Budgeting is one of the most important components of pay-per-click (PPC) account management.
They are a direct reflection of a campaign’s priorities and are the bridge that ties strategy and tactical execution together. Without well-thought-out budgets, a PPC program can never reach its full potential.
This article discusses how to think through the budgeting process to ensure priorities are met and goals are reached.
One of the best analogies between budgeting and strategy is an automobile.
Think of strategy as the vehicle and budgeting as the fuel that runs the automobile.
Without a vehicle in place, there’s nowhere to insert the gasoline. This is the way that I think about the relationship between strategy and budgeting: Without a proper strategy in place, there is no mechanism for determining where to invest money allocated to PPC
So, how do we create an effective PPC strategy?
Once goals and priorities are set, then it’s time to create the PPC strategy. Use these four steps to build your strategic plan:
So, how do we get started building budgets? Here are some factors to consider when creating budgets and deciding how to invest in them.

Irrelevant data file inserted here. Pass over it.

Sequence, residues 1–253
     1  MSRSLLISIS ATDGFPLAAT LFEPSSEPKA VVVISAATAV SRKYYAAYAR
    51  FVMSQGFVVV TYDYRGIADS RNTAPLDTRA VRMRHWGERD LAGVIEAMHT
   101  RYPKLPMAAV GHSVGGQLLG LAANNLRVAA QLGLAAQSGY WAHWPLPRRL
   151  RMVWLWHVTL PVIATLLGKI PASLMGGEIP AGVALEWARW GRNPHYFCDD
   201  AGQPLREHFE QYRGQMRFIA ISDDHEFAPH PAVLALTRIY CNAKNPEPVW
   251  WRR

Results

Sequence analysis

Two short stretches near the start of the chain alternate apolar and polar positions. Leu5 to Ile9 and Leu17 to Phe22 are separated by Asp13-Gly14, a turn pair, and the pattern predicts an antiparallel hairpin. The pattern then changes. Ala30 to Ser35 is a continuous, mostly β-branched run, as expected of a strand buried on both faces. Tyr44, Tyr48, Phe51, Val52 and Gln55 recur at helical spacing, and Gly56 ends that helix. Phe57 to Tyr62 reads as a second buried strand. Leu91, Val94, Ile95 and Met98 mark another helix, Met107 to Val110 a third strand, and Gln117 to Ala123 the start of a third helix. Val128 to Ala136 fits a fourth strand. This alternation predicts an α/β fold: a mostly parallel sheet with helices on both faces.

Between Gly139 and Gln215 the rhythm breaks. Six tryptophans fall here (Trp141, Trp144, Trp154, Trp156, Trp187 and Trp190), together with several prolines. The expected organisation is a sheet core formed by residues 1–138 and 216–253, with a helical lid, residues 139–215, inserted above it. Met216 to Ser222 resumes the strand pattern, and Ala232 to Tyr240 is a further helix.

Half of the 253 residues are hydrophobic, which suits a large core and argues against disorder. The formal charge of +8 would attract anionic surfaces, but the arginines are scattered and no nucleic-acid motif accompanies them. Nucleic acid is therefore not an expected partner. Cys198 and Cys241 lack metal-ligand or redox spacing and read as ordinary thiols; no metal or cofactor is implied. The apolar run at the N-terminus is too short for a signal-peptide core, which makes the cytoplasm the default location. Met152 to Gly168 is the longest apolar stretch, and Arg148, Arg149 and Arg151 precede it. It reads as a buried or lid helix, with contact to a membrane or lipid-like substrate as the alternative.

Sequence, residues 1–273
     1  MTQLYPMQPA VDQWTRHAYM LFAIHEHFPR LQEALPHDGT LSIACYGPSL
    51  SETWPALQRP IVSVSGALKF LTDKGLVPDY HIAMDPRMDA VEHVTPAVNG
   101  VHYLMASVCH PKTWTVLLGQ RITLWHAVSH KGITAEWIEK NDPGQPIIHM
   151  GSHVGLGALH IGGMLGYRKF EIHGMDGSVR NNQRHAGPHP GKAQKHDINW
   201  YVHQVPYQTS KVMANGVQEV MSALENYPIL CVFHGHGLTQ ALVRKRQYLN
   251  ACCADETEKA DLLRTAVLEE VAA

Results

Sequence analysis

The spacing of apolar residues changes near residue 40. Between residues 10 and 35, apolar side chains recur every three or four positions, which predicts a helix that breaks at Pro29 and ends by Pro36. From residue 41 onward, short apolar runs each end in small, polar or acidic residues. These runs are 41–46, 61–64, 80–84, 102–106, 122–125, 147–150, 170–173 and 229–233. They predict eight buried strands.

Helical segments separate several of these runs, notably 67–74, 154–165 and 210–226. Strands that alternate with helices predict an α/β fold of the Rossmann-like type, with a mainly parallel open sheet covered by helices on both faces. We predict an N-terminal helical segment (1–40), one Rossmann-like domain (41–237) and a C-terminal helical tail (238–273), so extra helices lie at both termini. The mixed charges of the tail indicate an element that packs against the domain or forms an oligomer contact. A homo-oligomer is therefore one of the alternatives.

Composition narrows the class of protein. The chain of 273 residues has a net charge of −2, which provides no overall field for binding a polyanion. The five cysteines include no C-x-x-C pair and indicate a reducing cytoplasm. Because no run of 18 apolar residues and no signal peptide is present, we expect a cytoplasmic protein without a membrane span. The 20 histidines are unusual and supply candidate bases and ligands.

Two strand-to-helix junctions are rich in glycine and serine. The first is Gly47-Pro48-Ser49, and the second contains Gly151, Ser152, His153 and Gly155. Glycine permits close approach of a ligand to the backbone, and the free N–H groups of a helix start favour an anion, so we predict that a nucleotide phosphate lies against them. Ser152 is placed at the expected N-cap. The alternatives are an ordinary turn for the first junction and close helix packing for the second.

When building budgets, you’ll want to invest in “tried and true” channels like AdWords and Bing. I typically invest 70 percent of a PPC budget in those channels that have proven to contribute significantly to one of my goals.
I then invest 20 percent of the budget in what I call “safe bets.” These are channels I have not invested in before, but, based on overall advertiser feedback, are considered reliable sources.
Finally, I keep about 10 percent of the budget available for experimenting and testing. It’s important to push the envelope a bit and find new sources of traffic. However, until these sources prove themselves to be reliable contributors, I minimize risk by limiting the amount of budget I invest into less proven campaigns.
There are numerous PPC budget creation methods. For instance, an account I manage requires quarterly budgets vs. budgets for the entire year. Here is an example of one:
To create this budget, we analyzed the percentage spend increase month over month (MoM) from the prior year. For instance, we learned there was a 20 percent increase in spending from December 2016 to January 2017. As a result, we took December 2017’s spends and applied the previous year’s percentage increase to set the budget.
The assumption was made that if growth was 20 percent the previous year, the budget could then grow another 20 percent. This method of budget creation has been successful in setting budgets that drive consistent year-over-year (YoY) growth.
Budgets reflect your PPC program’s goals, vision and strategy. The instinct as a PPC professional is to jump right into an account and start building and optimizing campaigns. However, focusing on budgets first ensures you have the proper amount of funding required to reach goals and fulfill priorities.
Focusing on where to allocate budgets, whether in existing or new campaigns, is important in helping to focus efforts. Going through the budgeting process will help focus all your efforts and bring clarity to your program.
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